AGM 2020 Report on Address by Darrell Baker, President of Optometry Australia
DARRELL BAKER – President, Optometry Australia – AT BLEPHAROSPASM AUSTRALIA INC. AGM 21 February 2020 – Perth, Western Australia
Darrell Baker is a local optometrist with two practices in Perth and is President of Optometry Australia, the controlling body for the training, qualifying and ongoing professional development of optometrists.
He was the Guest Speaker at our 2020 AGM and provided a fascinating insight into the current state of optometry in Australia and also gave us a glimpse into the future where we may be able to print our own glasses on our 3D printers.
Some highlights of his talk:
What is an optometrist?
Optometrist is a regulated term unlike the term optician which is now deprecated. In Australia this can be confusing. It is a term that originates in the United Kingdom, which differentiates Optometrists and Optical Dispensers as Prescribing Optician and Dispensing Optician. Because of the confusion, Australian legislation does not allow Optical Dispensers to call themselves Opticians, as it is too easily confused with an Optometrist.
An optometrist is required to undergo formal university training in a number of specialist medical areas. Some optometrists in Australia have trained in treating eye disease. Therapeutic Optometrists are able to treat most eye infections, inflammations, and glaucoma. They do not perform eye surgery.
This is a very familiar topic to most of us and Darrell detailed the symptoms:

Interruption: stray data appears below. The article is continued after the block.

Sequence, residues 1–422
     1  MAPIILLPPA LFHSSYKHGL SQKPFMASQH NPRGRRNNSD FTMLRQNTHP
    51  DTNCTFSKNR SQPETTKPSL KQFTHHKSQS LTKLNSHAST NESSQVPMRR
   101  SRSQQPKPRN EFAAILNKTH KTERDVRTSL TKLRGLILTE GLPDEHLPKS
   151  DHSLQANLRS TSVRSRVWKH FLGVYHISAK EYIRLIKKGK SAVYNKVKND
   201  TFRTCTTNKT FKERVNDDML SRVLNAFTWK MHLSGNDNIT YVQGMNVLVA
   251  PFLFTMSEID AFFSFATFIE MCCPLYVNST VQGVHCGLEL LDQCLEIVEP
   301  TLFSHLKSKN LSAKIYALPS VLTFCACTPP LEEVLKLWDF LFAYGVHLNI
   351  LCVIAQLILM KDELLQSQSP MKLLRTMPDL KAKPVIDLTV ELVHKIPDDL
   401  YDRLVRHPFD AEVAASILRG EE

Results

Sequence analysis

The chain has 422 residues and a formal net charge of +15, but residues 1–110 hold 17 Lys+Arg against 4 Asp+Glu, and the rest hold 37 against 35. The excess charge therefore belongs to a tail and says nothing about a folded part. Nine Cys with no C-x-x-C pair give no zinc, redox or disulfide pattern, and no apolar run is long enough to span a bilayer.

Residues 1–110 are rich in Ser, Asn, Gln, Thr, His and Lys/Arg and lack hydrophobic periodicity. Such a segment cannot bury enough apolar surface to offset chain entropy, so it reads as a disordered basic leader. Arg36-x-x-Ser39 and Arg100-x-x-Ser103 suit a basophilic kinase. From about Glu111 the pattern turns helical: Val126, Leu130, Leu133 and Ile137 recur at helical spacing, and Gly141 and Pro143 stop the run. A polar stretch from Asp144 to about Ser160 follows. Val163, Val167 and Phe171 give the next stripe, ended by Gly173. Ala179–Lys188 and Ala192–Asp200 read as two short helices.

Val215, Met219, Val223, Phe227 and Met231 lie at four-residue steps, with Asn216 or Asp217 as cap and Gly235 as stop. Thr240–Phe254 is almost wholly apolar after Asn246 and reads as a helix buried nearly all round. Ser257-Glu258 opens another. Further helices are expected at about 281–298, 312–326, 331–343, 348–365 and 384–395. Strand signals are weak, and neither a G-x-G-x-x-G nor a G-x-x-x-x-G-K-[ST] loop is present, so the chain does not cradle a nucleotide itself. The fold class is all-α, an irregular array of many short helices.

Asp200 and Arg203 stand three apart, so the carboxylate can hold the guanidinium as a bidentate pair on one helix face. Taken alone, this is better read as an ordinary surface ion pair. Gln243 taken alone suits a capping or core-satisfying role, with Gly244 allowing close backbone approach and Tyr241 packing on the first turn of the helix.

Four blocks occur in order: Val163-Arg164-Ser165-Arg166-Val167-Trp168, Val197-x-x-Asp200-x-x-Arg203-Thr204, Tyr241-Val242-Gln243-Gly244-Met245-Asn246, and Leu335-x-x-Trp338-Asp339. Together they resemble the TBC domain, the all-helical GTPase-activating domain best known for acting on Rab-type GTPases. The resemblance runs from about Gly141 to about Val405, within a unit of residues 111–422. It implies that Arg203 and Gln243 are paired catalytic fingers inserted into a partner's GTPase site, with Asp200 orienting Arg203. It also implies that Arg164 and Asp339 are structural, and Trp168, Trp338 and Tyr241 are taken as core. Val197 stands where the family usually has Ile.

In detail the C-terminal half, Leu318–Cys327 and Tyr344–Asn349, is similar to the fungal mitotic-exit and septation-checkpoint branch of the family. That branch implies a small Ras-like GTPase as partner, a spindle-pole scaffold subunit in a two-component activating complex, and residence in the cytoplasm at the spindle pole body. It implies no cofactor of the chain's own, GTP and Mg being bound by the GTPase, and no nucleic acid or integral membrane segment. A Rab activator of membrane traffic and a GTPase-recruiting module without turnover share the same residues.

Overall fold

Irritated, stinging, or burning eyes
Scratchy or gritty eyes
Blurred vision or eye fatigue
Difficulty wearing contact lenses
Darrell mentioned that some optometrists are now providing services such as Vision Therapy and Dry Eye treatments and that these are more likely to be independent optometrists rather than chains.
He then described the various treatments available which included:
Home remedies such as masks, drops and warm compresses.
Treatments carried out by optometrists such as therapy to opentheglands in your lower eyelid if they have become blocked. It is conducted using special instruments that are non-sharp and safe. IPL (Intense Pulsed Light) is the most advanced dry eye treatment. It is not a laser and uses light in a very safe and scientifically tested manner to solve problems with the meibomian glands and other causes of dry eye.
Some people get great relief using glasses with the FL41 tint. One company supplying these lenses is CR Surfacing Laboratories. They have offices in Melbourne and Slama Optical Tasmania and Eingefasst Specialty Fitting in Western Australia are exclusive supply partners.
Optometry Australia holds monthly CPD (Continuing Professional Development) evenings. As our Chairman mentioned in his report Darrell is well aware of Blepharospasm having attended a professional development seminar many years ago when Dr Jeremy Raiter made a presentation and demonstrated injections.
As our educational efforts this year are being directed towards optometrists we are now working on repeating this event to provide optometrists with the information they need to recognize Blepharospasm so that those patients might be able to begin treatment sooner.